*Update* On July 20, 2020, a settlement agreement in McPherson v Lamont went into effect. It will expire on December 31, 2020. A copy of that agreement is included below and available here. As part of that settlement agreement, the Connecticut Department of Correction is required to report certain information to the ACLU of Connecticut's lawyers. The information received under that requirement is available here.
The ACLU of Connecticut filed a federal class action lawsuit on April 20, 2020 on behalf of all people incarcerated in Connecticut prisons and jails, seeking emergency action to prevent the spread of COVID-19 in Connecticut Department of Correction (DOC) facilities. The lawsuit was filed on behalf of two classes: people whom the State of Connecticut is incarcerating pre-trial, and those the State is incarcerating post-sentence.
The complaint detailed ongoing COVID-19 mismanagement by the DOC that exacerbates the danger of contraction for people living and working in Connecticut prisons and jails, including: lack of social distancing, inadequate or nonexistent access to hygiene and cleaning supplies, inadequate or nonexistent access to personal protective equipment, lack of access to medical care, and transfers of people who test positive to and from the state’s “supermax,” Northern Correctional Institution.
Representing the classes in the lawsuit are five people:
- Tre McPherson, whom the State is imprisoning pretrial at Bridgeport Correctional Center for lack of a $5,100 bond, in an open dormitory with 57 other men. Mr. McPherson recently lost his sense of smell, and others in his dorm are reporting symptoms of illness.
- Pattikate Williams-Void, whom the State is imprisoning pretrial at York Correctional Institution, who is over the age of 60, has hypertension, and has been diagnosed as pre-diabetic.
- John Doe, who is serving a sentence of incarceration, is above the age of 70, is HIV positive and hepatitis C positive, and requires regular dialysis for kidney disease. In disregard of these risk factors, the State is incarcerating Mr. Doe with a cellmate.
- John Roe, who is serving a sentence of incarceration, is above the age of 50 and is HIV positive. In disregard of these risk factors, the State is incarcerating Mr. Roe in an open dormitory with more than 90 other people, sleeping in bunkbeds in close proximity to one another.
- Thomas Caves, who is a serving a sentence of incarceration at Corrigan-Radgowski Correctional Center, where DOC healthcare workers recently strongly criticized the state’s mismanagement of the COVID-19 outbreak. Mr. Caves shares showers, phones, and common space with more than 80 other men housed in his unit. One person who contracted COVID-19 and fell ill in Mr. Caves’ unit was simply locked in his cell, with his cellmate, for 15 days.
“The DOC’s reactive, backward approach to COVID-19 has made Connecticut prisons and jails among the most dangerous, unhealthy places anyone could be during this pandemic. The DOC’s response has exacerbated the crisis and threatens public health as a whole,” said Dan Barrett, ACLU of Connecticut legal director and an attorney on the case. “Incarcerated people are in grave and immediate danger in DOC facilities, and Governor Lamont and Commissioner Cook have a constitutional and moral responsibility to move them out of harm’s way, including by compassionately releasing people. The numbers and stories coming out of Connecticut prisons and jails paint a horrific portrait of people left by Cook and Lamont to suffer and potentially die in a pandemic. We are asking the Court to do what they have failed to do and protect incarcerated people now.”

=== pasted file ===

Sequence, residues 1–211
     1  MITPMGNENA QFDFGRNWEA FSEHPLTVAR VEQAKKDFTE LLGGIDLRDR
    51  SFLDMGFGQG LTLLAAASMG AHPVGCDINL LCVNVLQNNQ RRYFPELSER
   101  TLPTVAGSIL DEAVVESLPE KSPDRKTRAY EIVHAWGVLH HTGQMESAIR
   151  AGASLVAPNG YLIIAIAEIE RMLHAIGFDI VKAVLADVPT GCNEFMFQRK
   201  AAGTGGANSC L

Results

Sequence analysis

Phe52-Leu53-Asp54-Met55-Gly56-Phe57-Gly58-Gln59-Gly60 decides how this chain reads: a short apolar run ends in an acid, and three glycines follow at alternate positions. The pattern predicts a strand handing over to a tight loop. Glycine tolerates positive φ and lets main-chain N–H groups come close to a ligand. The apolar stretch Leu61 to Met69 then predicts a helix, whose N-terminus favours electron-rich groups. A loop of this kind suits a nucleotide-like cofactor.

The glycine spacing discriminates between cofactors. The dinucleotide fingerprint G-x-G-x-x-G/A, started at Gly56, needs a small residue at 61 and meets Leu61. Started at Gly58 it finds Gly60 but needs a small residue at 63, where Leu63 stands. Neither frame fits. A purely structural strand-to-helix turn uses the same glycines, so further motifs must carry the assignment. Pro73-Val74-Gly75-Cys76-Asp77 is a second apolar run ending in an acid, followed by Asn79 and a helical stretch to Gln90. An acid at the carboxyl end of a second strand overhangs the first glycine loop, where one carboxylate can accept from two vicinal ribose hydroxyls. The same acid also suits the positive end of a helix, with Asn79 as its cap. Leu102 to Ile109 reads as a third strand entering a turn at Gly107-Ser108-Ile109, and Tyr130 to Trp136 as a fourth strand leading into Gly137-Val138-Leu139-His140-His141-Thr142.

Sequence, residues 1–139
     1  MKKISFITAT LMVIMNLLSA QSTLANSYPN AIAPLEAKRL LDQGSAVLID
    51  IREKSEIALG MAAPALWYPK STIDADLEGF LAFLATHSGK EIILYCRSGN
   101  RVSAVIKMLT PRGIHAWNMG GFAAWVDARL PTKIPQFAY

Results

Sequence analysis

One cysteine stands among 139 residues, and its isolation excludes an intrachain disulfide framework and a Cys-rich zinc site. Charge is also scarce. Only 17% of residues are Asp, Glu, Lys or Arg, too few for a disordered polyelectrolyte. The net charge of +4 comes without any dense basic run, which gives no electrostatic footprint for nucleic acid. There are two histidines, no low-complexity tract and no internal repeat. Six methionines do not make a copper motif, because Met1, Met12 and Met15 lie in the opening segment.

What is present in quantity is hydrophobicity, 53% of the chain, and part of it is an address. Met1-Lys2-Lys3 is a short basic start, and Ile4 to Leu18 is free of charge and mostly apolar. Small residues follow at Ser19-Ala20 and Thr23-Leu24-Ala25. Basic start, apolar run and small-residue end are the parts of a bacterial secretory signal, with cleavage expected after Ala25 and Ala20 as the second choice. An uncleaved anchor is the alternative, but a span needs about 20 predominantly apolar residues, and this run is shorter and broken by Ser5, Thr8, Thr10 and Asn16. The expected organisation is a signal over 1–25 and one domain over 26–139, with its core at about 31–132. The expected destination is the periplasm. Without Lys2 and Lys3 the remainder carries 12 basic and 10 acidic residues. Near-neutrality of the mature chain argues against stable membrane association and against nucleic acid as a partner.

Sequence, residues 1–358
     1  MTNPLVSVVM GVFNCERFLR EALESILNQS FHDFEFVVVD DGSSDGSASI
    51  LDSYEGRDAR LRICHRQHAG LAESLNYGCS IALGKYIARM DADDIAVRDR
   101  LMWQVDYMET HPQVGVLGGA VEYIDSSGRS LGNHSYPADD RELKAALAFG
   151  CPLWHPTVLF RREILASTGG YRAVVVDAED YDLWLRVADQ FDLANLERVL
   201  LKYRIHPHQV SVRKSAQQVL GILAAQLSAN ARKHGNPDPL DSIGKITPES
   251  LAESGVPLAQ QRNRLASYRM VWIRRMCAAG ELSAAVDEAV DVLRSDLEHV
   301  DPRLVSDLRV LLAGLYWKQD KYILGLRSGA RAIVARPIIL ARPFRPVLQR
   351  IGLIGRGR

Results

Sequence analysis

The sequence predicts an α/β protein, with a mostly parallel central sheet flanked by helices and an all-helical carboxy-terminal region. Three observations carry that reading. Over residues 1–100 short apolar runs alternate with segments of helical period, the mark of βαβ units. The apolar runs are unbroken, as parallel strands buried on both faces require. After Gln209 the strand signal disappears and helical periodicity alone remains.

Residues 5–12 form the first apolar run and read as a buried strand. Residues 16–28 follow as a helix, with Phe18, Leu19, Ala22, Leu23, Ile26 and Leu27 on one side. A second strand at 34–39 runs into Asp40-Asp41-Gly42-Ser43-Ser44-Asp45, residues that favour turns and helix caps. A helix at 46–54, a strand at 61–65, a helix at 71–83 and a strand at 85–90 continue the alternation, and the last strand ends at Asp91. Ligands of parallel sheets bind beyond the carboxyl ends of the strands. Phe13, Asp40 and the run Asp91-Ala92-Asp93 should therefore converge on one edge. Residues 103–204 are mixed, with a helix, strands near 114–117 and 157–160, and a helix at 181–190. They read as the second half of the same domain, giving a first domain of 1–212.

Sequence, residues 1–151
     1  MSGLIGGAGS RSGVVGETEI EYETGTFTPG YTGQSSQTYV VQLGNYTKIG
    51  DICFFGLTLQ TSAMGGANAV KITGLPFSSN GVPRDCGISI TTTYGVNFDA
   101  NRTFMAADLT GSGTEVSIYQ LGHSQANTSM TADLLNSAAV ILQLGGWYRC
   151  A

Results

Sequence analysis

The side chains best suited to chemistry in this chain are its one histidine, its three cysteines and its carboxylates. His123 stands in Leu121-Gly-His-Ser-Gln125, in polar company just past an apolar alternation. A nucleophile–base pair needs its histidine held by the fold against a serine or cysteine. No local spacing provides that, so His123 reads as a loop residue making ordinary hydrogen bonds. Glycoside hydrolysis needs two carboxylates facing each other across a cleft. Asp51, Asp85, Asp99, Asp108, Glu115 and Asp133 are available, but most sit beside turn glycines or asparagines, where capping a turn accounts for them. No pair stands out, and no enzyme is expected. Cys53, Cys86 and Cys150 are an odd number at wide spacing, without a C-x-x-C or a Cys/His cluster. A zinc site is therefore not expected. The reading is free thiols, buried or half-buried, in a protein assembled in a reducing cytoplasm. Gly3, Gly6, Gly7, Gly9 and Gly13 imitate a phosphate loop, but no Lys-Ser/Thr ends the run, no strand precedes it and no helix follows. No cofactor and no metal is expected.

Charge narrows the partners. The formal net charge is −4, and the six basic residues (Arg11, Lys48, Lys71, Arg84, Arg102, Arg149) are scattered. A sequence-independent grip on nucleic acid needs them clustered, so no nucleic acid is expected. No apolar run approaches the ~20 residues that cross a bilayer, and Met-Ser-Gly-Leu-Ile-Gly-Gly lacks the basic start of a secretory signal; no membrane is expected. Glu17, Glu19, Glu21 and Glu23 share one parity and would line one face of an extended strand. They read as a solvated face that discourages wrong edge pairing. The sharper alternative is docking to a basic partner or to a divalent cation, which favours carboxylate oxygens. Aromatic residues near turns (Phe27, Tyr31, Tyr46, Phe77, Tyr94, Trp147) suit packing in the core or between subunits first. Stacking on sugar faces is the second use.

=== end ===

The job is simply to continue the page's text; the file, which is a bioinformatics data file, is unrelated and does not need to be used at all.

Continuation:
“The State of Connecticut got rid of the death penalty, so why are people who are incarcerated being left now to risk their lives? People have to pay the price of what they do, but no one should have to pay this risk. They are still human. Their lives are really important. These are fathers, brothers, people who can give back to the community. The State of Connecticut is waiting until it’s too late. Families of incarcerated people don’t want this to be a recovery. This should be more of a rescue," said Shaquima Dozier, whose fiancé, not a named plaintiff, is currently incarcerated by the State.
The lawsuit asks the Court to order Governor Ned Lamont and DOC Commissioner Rollin Cook to safely release medically vulnerable incarcerated people and to create a plan to protect any people who remain incarcerated, including a plan for release if socially distancing remains impossible.
Joining the ACLU of Connecticut in representing incarcerated people are Brandon Buskey from the national ACLU’s Criminal Law Reform Project, and Dechert LLP attorneys Will Sachse, Jonathan Tam, Jenna Newmark, and Gabrielle Piper from the firm’s Philadelphia, New York, and San Francisco offices.